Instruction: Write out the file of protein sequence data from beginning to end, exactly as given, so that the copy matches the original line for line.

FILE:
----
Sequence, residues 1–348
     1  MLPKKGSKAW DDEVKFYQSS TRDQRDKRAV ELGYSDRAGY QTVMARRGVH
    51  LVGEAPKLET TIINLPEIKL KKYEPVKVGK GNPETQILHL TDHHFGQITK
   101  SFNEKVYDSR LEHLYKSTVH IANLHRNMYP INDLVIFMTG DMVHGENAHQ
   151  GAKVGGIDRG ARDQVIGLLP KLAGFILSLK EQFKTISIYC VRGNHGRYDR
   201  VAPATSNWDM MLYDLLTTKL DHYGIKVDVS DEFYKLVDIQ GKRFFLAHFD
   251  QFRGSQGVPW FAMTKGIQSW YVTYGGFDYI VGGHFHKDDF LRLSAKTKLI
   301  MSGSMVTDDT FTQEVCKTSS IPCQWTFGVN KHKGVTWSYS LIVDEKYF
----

Sequence, residues 1–348
     1  MLPKKGSKAW DDEVKFYQSS TRDQRDKRAV ELGYSDRAGY QTVMARRGVH
    51  LVGEAPKLET TIINLPEIKL KKYEPVKVGK GNPETQILHL TDHHFGQITK
   101  SFNEKVYDSR LEHLYKSTVH IANLHRNMYP INDLVIFMTG DMVHGENAHQ
   151  GAKVGGIDRG ARDQVIGLLP KLAGFILSLK EQFKTISIYC VRGNHGRYDR
   201  VAPATSNWDM MLYDLLTTKL DHYGIKVDVS DEFYKLVDIQ GKRFFLAHFD
   251  QFRGSQGVPW FAMTKGIQSW YVTYGGFDYI VGGHFHKDDF LRLSAKTKLI
   301  MSGSMVTDDT FTQEVCKTSS IPCQWTFGVN KHKGVTWSYS LIVDEKYF